This page is not created by, affiliated with, or supported by Slack Technologies, Inc.

## 2020-09-27

## Channels

- # announcements (1)
- # babashka (7)
- # beginners (60)
- # calva (24)
- # cider (2)
- # cljdoc (9)
- # clojure (21)
- # clojure-australia (1)
- # clojure-europe (2)
- # clojurescript (26)
- # core-async (89)
- # datalog (11)
- # datomic (40)
- # fulcro (24)
- # graalvm (5)
- # luminus (1)
- # meander (1)
- # numerical-computing (1)
- # off-topic (3)
- # shadow-cljs (6)
- # test-check (10)
- # tools-deps (7)
- # xtdb (18)

If I have a websocket component that has an internal `clojure.core.async/mult`

to distribute all incoming messages, does it make sense to have that component extend the `clojure.core.async/Mult`

protocol? Is that the intended use of the protocol? or is it better to just make my own `tap`

functions in my own namespace

Given N sets, how do I find out the largest possible set (or sets) that is a subset of all N sets?

`(magic [#{1 1} #{1 2} #{1 3}]) ;; => #{1}`

Brute-force solutions wouldn't cut it for the size of my inputsThat's not what I want, as the inputs can be disparate and most likely the intersection will be `#{}`

99% of the times
So I should reword: `of all N sets`

-> `of the most sets as possible`

I still don't understand. What would your desired function return for `[#{1 2} #{3 4}]`

, for example?

Or better yet, can you describe the algorithm? Because I cannot parse that sentence with "->". :)

something like the union of the results of intersecting of each subset with the union of all subsets?

yeah, oops, I guess you could intersect each subset with union of all the other subsets?

I don't know. I think the task is not defined clearly enough for us to come up with any robust solution.

But it feels like a task of turning a 2D metric into a 1D one, and that always requires some particular approach to dimensionality reduction.

> What would your desired function return for [#{1 2} #{3 4}], for example?
that's a pretty degenerate case (for my needs) since it's very small and there's nothing in common. I don't care if it returns #{} or something else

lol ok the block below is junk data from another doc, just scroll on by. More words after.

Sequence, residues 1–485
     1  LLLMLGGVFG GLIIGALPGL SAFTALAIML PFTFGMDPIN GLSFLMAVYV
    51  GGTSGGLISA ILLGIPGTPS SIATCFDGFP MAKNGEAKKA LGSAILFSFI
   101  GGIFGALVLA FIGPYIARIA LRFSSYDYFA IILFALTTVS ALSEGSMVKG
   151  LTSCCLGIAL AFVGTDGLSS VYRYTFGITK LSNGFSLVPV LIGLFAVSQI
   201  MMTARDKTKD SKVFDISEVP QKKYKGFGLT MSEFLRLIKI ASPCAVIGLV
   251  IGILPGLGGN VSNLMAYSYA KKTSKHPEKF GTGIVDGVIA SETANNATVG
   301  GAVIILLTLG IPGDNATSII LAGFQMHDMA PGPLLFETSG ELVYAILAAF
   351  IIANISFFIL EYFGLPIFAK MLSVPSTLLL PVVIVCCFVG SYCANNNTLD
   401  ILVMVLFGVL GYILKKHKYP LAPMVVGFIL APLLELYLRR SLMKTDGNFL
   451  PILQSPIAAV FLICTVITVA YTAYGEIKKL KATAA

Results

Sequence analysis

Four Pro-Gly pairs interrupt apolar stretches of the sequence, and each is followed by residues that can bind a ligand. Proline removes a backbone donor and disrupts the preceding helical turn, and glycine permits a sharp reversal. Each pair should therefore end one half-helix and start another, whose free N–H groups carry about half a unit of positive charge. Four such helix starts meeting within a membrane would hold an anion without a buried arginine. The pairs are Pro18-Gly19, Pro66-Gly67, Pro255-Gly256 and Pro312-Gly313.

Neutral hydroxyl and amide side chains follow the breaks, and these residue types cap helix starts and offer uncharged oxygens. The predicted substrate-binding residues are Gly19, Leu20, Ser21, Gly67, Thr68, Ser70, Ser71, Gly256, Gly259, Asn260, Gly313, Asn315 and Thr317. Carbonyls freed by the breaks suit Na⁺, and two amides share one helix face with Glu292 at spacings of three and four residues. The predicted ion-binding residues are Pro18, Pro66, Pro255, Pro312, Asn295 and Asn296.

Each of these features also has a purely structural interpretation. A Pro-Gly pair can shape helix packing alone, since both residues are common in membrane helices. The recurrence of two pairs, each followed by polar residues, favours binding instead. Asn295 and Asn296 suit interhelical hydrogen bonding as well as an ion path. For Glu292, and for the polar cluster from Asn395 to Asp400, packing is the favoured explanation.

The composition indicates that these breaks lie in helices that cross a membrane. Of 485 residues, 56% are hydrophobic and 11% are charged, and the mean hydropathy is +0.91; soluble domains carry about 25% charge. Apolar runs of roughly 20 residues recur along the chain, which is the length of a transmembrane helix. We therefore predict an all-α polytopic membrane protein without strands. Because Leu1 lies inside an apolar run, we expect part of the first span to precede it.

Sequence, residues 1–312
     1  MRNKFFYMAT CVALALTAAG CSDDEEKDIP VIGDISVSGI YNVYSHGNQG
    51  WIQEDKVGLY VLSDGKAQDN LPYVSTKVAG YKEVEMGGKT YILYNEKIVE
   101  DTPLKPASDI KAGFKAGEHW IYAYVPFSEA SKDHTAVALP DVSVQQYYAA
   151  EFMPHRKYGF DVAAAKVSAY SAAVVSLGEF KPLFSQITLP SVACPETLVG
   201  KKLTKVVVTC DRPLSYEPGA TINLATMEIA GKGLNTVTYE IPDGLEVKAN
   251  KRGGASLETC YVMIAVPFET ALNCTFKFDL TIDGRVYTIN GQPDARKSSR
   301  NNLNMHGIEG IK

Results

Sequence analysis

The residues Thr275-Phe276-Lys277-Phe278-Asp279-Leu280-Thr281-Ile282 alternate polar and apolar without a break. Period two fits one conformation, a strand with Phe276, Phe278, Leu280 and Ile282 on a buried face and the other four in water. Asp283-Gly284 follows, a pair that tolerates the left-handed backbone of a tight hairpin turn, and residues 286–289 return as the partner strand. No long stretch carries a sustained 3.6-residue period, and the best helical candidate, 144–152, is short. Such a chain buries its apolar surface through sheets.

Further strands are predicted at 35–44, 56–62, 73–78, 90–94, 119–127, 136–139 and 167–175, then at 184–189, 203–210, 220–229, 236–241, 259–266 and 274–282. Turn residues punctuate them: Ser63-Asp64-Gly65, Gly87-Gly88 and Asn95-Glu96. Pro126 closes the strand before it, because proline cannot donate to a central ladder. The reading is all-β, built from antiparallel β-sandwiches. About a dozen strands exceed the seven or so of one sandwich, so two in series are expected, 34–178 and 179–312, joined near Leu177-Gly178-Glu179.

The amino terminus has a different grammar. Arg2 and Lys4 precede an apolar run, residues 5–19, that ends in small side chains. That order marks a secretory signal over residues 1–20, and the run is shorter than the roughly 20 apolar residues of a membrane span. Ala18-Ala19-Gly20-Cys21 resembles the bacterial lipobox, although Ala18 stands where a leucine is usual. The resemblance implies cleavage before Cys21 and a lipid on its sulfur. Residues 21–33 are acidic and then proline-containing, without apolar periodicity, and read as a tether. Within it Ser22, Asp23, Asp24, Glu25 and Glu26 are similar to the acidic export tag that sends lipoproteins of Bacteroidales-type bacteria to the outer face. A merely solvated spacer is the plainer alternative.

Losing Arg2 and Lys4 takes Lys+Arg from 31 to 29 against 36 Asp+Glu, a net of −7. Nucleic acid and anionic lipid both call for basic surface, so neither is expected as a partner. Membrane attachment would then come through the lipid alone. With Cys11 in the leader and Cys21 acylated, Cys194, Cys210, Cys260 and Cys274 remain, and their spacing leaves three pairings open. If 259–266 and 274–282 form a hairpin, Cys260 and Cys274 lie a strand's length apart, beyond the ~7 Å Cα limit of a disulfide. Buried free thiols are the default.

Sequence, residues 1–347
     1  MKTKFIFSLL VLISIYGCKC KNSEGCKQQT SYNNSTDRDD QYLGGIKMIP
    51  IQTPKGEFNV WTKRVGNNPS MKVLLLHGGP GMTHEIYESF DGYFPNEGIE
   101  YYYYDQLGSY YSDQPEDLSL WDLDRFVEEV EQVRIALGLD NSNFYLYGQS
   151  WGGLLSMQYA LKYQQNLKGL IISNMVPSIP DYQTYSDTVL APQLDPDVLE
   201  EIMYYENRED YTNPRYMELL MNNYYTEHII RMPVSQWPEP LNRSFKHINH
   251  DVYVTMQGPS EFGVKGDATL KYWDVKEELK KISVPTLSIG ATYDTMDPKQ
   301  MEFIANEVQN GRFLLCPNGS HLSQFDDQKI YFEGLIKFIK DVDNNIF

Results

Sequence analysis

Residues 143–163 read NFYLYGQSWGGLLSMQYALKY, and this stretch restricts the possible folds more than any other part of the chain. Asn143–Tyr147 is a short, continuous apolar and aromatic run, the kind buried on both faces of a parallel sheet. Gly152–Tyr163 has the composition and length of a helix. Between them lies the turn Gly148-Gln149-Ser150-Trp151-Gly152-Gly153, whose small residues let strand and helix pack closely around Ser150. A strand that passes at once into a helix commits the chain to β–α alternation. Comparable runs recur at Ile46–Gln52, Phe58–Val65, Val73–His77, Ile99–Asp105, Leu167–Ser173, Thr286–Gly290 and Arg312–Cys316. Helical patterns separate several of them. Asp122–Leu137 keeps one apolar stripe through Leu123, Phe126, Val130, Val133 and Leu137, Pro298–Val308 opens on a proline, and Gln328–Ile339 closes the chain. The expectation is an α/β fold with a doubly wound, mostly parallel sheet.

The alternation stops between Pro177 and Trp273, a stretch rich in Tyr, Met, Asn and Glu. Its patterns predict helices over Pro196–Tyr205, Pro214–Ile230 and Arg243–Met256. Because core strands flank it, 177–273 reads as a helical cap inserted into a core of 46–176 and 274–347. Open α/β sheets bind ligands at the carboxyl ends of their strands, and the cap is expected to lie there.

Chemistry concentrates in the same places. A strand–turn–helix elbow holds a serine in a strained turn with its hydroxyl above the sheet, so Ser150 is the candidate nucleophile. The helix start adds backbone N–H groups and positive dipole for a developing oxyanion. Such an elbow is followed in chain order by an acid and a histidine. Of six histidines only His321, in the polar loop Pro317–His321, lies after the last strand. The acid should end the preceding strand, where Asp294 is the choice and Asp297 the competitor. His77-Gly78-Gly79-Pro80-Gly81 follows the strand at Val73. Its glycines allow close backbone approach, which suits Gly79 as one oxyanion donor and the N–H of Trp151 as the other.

I'm trying to find the largest possible subsets given N sets of size ~~1000 to ~~100000 each, which are presumed to have quite a lot in common.
There will be many possible answers, and what a 'good' anwer is can be tweaked. e.g. maybe for me a set with 300 elements that is a subset of 40 other sets (but *not* a subset of 20 other sets), is interesting enough

Combine the sets into a bag having all elements. Then use frequencies on the bag to find the largest count?

What would that return for `[#{1 2} #{1 2} #{3} #{3}]`

? The frequencies are the same, yet there's no `#{1 2 3}`

subset.

`#{1 2}`

seems a good answer, because its size is large, even if it's not a subset of all inputs. Ultimately I'm not seeking an unequivocal mathematical function, but something that gives good answers to humans for the desired size range (1000-100000).
at sizes 1-10 it's probably easy to get lost because the differences are too small to be evident.
for example, for an input of 100 sets sized 10000 each:
* an answer of a set sized 5000 which is a subset of 80 sets is very valuable
* an answer of a set sized 9999 which is a subset of 1 set is not very valuable
* an answer of a set sized 2 which is a subset of 80 sets is not very valuable

...maybe my problem is too specific, sorry for that. at first I thought it could be a commonly solved problem.

The main issue is that you have 2 numbers (subset size and the amount of its supersets) that you have to reduce to just one ("score" of a particular subset). It's a dimensionality reduction problem, and there never is a cookie-cutter solution. You will have to somehow write that function that takes two numbers and outputs just one.

This is a quick informative read: https://journals.plos.org/ploscompbiol/article?id=10.1371/journal.pcbi.1006907